Though this newsletter typically focuses on risk, practice management and loss prevention, we are regularly asked to write on substantive topics. So we are returning to something we last did a couple years ago, a short list of, in our opinion, impactful decisions from the past year. We have limited this list to ten cases. Though those from provincial appellate courts outside Nova Scotia may have limited applicability here, they are interesting nonetheless and you never know.

  1. Data Breach Class Actions

Setoguchi v. Uber B.V., 2023 ABCA 45, leave to appeal to SCC denied 2023 SCC 40681 – in a decision consistent with Owsianik v. Equifax Canada, 2022 ONCA 813, the Alberta Court of Appeal declined to certify a class action against Uber because the negligence claim disclosed no compensable loss or harm to the claimants. The Court rejected a novel first loss theory of damages and affirmed that a risk of future harm or risk of increased harm is generally insufficient to constitute compensable harm in Canadian tort law.

  1. Contract Force Majeure

Niagara Falls Shopping Centre Inc. v. LAF Canada Company, 2023 ONCA 159 – the use of Force Majeure clauses significantly increased during the pandemic and the court here noted the importance when drafting these clauses of looking ahead at the types of events it should cover (ask what are the foreseeable events) and clearly setting out which risks the parties are responsible for.

  1. Spoliation and Government retention of documents

Trillium Power Wind Corp v. Ontario, 2023 ONCA 412 – the Court affirmed that spoliation arises out of the destruction of potentially relevant evidence occurring where a party intentionally destroys evidence relevant to ongoing or contemplated litigation in circumstances where a reasonable inference can be drawn that the evidence was destroyed to affect the litigation. The Court held that Ontario’s deliberate spoliation of documents relevant to the litigation amounted to an abuse of process.

  1. Human Rights and Employment

Imperial Oil v. Haseeb, 2023 ONCA 364 – though employees must be legally authorized to work in Canada, a requirement for employment that requires proof of citizenship or permanent residency is discriminatory.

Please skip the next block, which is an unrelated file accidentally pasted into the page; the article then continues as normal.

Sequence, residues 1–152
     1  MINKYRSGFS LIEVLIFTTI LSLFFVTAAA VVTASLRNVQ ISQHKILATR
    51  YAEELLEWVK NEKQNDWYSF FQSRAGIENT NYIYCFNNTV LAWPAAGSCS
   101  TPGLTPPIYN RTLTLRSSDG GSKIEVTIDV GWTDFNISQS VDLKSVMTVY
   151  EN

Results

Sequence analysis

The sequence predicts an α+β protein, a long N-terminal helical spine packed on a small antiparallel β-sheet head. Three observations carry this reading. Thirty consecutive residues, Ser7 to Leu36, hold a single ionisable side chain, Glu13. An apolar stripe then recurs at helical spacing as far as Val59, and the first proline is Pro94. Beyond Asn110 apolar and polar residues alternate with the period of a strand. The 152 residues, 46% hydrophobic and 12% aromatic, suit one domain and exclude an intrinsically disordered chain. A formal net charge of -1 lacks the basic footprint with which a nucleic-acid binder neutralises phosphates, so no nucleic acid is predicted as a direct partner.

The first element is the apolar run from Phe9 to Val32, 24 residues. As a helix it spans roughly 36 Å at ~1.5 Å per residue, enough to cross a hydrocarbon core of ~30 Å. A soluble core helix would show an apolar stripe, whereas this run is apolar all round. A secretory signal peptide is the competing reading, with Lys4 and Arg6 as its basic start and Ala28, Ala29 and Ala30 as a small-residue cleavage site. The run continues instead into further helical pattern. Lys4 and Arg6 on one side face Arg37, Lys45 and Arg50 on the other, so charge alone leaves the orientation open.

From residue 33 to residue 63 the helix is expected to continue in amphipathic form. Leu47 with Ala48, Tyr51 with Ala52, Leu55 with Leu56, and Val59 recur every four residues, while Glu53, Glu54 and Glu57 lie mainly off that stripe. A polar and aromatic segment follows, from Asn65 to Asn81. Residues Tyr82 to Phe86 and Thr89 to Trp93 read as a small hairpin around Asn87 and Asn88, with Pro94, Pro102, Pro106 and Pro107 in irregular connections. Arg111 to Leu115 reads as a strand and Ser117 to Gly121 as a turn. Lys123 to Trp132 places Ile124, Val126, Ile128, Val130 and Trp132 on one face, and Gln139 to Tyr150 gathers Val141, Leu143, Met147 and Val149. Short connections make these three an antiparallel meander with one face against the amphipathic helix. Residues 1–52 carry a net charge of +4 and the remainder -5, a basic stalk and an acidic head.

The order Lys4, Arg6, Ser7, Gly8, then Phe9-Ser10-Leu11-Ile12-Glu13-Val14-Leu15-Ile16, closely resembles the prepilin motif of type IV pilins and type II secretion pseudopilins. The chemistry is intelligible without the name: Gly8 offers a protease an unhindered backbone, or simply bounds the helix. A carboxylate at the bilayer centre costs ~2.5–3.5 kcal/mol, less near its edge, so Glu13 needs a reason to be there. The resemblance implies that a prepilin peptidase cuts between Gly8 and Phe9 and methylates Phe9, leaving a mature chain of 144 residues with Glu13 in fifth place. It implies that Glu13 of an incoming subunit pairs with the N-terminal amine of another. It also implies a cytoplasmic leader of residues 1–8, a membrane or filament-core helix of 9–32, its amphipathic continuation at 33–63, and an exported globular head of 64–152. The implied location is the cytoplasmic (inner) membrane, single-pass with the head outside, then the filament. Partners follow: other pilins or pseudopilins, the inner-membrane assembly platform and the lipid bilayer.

1. Anti-SLAPP (Strategic Lawsuits Against Public Participation) Applications

Hansman v. Neufeld, 2023 SCC 14 – to defeat an anti-SLAPP motion, the plaintiff must demonstrate actual harm caused by the defendant’s expression. It is more than a bare assertion that the defendant’s statements caused harm.

  1. Arbitration Clauses and Void Agreements

Ismail v. First York Holdings Inc, 2023 ONCA 332 – the Court affirmed that where an agreement is breached and becomes unenforceable or invalid, that does not rescind the agreement to arbitrate, the provision surviving  to allow the dispute to be referred to an arbitrator to determine jurisdiction, and if there is jurisdiction, to decide the dispute. To hold otherwise would undermine the intent and effect of including an arbitration clause in an agreement. However, an agreement to arbitrate cannot survive where there is no contract or agreement for it to survive from.

  1. Constitutional law

Reference re Impact Assessment Act, 2023 SCC 23 – in determining the constitutionality of a law, the focus is on the purpose and effects of the law as written, not just how it is administered

  1. Privilege

Continental Currency Exchange Canada v. Sprott, 2023 ONCA 61 and Vecchio Longo Consulting Services Inc v. Aphria Inc., 2023 ONSC 6336 – these decisions contain discussion on the law of staying proceedings where there is unauthorized access to privileged information.

  1. Vicarious Liability

Ari v. ICBC, 2023 BCCA 331 – in holding the employer liable for an employee’s breach and disclosure of private customer information the Court held that the employer created the risk and provided the opportunity for the employee to commit the wrong. Moreover, the employee’s conduct was sufficiently related to her authorized duties to justify the imposition of vicarious liability.

  1. Administrative Law

Commission scolaire francophone des Territoires du Nord-Ouest v. Northwest Territories (Education, Culture and Employment), 2023 SCC 31 – the Court reaffirmed Doré v. Barreau du Québec, 2012 SCC 12 on judicial review of discretionary administrative decisions that engage the Charter. The reviewing court must first determine whether the decision limits Charter protections and the Doré framework applies not only where an administrative decision directly infringes Charter rights but also where it simply engages a value underlying one or more Charter rights.